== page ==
Jaunt 21 : Petra, Jordan

The Roman Ruins @ Petra via On The Lucy

Ever been to Petra? If not, then allow my Granny…

“Umm… Letters! Let me see, this is from bank, bills and…” the last letter turned me into a statue, it was from my late Grandma.

My Grandma, Mrs Josephine Fernandez died 16 years due to poor health. She was a successful business women and charming personality. She was the only one with whom I was most attached to. She had all love and support from each and everyone except from her heart. After discovering this stage of her life she decided to fulfill her wish to travel around the world and discover new things. Mom and Dad use to take care of her business. I was 13, when she went off to fulfill dreams. After every trip of her, she use to send me a letter along with a postcard of that place she traveled, in that letter she would describe about her travel journey in details. Covering almost 20 destinations of the world in a year at the age of 53, she never failed to send me the letter.
I still remember that day when the news of her death broke. She was in Petra that time, when due to inappropriate weather conditions…
Now it’s my dream to live her dreams, I followed each and every letter of her in sequence and now I’ve lived every letter of her’s.
But, Wait A Minute! I didn’t introduced myself! My name is Megan Fernandez (Ms/Miss would be better), Granddaughter of Mrs. Fernandez (29-years-old) and I am also a businesswoman. My grandma has always been an inspiration to me.

Dear Megan,

This time I am at Petra, Jordan. And I can’t wait to tell you…

I stayed at Wadi Musa — A Whole Town — has grown up around Petra to serve visitors to the site. My hotel was away up on the hillside,the Rocky Mountain Hotel where I stayed, it had good value and have stunning valley views. Then for Petra we got this bus stop from where we caught the JETT buses to Amman and Aqaba.

I would say that if in future you plan to come here then please stick to your comfort level as I have seen many people concentrating on their fancy clothes than the monument and views around them. As you’ll be walking over sandy and rocky ground so walking shoes are probably the best bet, or sturdy sandals if you don’t mind picking the occasional stone out. There’s hardly any shade around the site, so a hat or scarf is a good idea too, and don’t forget to bring plenty of sunscreen. You will see people wandering around Petra in all sorts of clothes — from full-on hiking gear to vest tops and shorts, and I even saw one women in an evening dress and heels — but I felt happier covered up with a long-sleeved cotton top and trousers (though it helped that it wasn’t too hot in November, my good luck!).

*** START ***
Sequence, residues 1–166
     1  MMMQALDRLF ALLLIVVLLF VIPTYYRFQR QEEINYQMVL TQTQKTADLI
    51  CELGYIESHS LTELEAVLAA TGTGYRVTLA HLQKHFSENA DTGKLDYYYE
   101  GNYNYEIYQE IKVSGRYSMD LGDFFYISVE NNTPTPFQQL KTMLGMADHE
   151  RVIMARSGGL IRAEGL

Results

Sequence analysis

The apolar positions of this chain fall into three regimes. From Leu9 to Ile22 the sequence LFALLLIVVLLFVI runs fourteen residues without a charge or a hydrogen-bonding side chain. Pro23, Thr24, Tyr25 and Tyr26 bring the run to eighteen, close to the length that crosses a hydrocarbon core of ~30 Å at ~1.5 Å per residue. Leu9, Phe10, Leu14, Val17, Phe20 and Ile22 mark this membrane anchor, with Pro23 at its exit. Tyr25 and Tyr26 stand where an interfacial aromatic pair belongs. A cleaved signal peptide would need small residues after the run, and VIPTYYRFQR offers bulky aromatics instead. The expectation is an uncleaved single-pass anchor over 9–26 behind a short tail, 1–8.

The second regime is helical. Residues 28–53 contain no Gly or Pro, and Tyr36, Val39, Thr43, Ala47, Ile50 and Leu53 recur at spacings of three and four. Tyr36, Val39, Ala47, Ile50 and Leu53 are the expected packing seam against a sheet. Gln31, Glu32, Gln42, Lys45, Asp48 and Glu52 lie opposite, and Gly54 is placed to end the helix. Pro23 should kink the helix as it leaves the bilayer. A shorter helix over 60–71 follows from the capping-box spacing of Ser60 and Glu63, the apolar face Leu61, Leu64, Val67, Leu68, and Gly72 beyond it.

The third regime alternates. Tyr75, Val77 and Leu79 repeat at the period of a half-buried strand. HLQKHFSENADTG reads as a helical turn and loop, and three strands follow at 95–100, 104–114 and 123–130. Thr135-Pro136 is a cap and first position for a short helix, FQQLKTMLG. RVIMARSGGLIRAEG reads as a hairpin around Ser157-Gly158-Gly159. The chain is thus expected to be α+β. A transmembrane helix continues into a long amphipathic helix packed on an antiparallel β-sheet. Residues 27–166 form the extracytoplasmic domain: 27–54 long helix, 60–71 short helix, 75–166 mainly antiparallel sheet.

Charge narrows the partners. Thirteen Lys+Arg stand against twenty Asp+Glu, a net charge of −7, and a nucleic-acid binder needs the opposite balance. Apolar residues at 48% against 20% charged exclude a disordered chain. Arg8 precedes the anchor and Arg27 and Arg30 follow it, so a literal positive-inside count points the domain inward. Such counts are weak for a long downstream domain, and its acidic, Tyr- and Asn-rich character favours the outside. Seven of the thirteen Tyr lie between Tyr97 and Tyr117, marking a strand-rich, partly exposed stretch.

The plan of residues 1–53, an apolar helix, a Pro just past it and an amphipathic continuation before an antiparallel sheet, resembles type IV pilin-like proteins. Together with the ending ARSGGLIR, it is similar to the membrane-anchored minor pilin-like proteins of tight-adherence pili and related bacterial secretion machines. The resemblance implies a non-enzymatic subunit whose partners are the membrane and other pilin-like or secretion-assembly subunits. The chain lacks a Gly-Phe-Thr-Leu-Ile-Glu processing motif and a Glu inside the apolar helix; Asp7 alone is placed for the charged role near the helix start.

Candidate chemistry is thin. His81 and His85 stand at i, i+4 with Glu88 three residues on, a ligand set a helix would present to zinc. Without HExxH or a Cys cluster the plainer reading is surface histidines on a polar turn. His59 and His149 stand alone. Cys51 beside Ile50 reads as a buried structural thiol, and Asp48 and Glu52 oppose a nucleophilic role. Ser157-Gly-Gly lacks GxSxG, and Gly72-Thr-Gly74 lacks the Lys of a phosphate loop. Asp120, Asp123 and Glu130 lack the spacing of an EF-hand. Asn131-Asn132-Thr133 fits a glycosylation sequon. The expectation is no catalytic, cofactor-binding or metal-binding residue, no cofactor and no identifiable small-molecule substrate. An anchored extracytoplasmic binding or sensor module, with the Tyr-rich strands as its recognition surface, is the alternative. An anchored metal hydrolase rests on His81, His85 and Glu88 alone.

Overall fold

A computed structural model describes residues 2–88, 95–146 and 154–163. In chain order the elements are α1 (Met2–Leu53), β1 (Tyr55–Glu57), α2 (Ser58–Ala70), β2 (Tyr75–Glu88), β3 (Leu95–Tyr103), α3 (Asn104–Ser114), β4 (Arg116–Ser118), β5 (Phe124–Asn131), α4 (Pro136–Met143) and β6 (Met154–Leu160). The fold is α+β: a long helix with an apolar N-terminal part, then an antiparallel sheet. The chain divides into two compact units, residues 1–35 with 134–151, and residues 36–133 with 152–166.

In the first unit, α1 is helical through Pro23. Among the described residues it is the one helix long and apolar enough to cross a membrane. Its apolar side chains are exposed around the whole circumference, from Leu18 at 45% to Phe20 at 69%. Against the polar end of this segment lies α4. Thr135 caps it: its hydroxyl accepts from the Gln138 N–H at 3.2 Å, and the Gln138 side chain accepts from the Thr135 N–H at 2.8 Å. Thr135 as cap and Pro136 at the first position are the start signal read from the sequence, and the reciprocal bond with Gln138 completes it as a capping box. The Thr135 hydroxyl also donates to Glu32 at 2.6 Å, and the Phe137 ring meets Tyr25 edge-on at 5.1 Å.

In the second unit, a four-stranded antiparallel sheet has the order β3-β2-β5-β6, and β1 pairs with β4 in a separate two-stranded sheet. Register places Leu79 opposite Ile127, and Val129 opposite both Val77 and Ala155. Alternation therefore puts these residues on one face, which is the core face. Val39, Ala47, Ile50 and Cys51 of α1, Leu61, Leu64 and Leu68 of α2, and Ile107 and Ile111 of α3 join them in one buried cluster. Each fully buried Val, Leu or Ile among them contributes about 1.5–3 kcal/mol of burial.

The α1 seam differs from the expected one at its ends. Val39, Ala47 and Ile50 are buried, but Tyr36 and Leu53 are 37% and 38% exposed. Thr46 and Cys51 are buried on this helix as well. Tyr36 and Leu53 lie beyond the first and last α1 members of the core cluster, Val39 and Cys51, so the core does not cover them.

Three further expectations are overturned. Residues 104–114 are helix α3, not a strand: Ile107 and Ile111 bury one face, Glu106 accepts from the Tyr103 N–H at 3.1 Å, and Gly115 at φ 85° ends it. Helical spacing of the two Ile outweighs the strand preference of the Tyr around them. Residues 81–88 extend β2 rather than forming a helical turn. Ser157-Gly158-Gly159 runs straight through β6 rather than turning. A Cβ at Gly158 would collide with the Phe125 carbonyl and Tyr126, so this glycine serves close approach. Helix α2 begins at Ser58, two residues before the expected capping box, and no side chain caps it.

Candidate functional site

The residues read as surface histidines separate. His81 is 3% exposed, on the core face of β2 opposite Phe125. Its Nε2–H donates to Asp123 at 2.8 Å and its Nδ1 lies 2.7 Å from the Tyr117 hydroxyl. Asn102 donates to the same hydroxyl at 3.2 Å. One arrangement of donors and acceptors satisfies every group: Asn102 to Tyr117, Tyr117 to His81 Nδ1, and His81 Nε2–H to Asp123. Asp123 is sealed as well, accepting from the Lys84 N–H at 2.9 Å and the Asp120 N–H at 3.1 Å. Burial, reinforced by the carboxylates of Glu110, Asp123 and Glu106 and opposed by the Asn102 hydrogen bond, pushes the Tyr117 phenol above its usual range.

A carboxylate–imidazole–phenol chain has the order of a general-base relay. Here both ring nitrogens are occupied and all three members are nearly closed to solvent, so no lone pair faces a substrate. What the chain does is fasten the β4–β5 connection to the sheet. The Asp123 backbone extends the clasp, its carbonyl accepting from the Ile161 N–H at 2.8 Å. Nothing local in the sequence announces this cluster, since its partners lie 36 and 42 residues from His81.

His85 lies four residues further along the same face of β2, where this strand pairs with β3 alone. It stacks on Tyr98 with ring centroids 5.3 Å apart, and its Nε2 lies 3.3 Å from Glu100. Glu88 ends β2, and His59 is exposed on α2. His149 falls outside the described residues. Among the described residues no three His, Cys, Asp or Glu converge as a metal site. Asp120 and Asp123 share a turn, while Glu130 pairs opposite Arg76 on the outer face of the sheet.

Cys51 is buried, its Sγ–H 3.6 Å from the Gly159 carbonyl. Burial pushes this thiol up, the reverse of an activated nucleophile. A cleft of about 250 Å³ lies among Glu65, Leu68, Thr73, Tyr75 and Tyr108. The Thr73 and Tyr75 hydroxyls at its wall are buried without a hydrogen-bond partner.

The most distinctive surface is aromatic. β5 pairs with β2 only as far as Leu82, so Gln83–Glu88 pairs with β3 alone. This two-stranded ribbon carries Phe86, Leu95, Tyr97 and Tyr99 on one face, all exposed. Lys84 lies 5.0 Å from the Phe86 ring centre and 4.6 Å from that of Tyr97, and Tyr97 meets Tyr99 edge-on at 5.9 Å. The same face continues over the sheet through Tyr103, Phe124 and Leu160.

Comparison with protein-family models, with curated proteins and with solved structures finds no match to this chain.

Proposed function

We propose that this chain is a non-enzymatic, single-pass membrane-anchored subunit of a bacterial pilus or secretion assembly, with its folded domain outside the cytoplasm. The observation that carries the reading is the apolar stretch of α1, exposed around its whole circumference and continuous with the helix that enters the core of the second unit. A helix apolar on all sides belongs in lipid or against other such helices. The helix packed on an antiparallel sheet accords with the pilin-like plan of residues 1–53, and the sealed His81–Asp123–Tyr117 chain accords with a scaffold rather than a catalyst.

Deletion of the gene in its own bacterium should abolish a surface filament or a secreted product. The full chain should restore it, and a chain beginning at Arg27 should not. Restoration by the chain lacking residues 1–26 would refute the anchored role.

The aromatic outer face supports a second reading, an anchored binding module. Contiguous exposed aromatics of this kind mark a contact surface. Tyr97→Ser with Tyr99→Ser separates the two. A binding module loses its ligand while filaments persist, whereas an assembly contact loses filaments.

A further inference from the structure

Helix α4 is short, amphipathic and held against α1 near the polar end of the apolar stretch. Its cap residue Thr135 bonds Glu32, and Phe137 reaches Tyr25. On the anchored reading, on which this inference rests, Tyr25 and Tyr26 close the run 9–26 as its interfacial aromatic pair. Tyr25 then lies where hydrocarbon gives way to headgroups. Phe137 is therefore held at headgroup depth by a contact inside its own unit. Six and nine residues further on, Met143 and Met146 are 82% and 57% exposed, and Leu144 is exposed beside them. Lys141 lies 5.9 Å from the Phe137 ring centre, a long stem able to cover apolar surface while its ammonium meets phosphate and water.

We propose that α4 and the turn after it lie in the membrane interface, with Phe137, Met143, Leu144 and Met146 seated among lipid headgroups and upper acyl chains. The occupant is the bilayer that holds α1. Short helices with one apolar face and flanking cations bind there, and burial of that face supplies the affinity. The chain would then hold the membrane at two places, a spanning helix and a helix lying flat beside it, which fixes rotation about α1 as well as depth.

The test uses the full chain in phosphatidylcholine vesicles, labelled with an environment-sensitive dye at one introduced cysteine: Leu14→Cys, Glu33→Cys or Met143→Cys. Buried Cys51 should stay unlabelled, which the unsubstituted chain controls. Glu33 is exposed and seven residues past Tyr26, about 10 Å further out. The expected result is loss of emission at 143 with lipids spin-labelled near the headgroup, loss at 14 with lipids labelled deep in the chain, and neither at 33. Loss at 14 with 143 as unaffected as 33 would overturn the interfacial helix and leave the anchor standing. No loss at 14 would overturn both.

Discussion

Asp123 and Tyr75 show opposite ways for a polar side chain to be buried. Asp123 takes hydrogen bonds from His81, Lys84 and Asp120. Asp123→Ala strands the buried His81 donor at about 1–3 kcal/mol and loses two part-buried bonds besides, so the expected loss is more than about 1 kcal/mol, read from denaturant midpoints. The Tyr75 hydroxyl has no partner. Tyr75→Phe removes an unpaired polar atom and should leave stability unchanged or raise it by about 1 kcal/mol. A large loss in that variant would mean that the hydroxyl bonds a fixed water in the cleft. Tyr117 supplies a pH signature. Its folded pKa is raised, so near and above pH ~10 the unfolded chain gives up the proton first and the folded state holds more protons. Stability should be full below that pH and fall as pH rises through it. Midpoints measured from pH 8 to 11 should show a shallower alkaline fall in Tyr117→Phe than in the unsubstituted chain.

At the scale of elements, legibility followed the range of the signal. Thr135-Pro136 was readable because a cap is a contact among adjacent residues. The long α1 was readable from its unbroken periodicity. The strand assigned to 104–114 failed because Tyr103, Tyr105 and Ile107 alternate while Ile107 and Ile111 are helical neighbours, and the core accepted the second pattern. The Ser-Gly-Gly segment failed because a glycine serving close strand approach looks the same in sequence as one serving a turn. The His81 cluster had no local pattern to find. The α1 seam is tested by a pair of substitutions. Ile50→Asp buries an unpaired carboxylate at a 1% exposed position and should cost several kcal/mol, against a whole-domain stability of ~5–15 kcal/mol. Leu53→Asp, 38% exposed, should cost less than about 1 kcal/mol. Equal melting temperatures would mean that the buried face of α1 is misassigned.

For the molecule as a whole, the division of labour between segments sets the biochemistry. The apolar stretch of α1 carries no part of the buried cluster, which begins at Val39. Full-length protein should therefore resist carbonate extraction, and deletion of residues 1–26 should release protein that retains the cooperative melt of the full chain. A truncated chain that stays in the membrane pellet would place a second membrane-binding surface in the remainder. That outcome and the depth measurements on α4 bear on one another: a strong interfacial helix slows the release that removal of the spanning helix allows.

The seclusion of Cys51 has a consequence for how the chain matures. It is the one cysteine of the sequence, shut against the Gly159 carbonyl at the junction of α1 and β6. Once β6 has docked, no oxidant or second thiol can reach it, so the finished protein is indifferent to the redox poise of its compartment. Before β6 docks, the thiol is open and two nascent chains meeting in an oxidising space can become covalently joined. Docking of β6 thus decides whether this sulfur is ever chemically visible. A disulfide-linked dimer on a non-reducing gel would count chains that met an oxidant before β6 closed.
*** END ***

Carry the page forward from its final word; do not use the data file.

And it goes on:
Petra stretches over a massive 60 square kilometre area (the tour guide said) and you’ll end up doing a lot of walking. But if it gets too much for you then there’s a choice of camels, donkeys and horses to do the hard work for you. A horse ride from the visitor’s centre to the entrance of the Siq is included in your ticket price, though you’ll still need to pay a tip of about JD5. It’s an easy 15-minute walk downhill if so you might want to save the horse ride til the way back up as that final slog up a sandy path after a whole day’s walking is a bit of a killer. But there are donkey and camel handlers all around the site if you want a lift at any other time. The donkeys up to the Monastery and for the hour’s walk from the old city to the Siq at the end of the day are busiest so be careful, but there are plenty of them around so you should be able to negotiate on the price. I’ve heard reports of some handlers mistreating their animals so do be aware of this and check that they look healthy and cared for.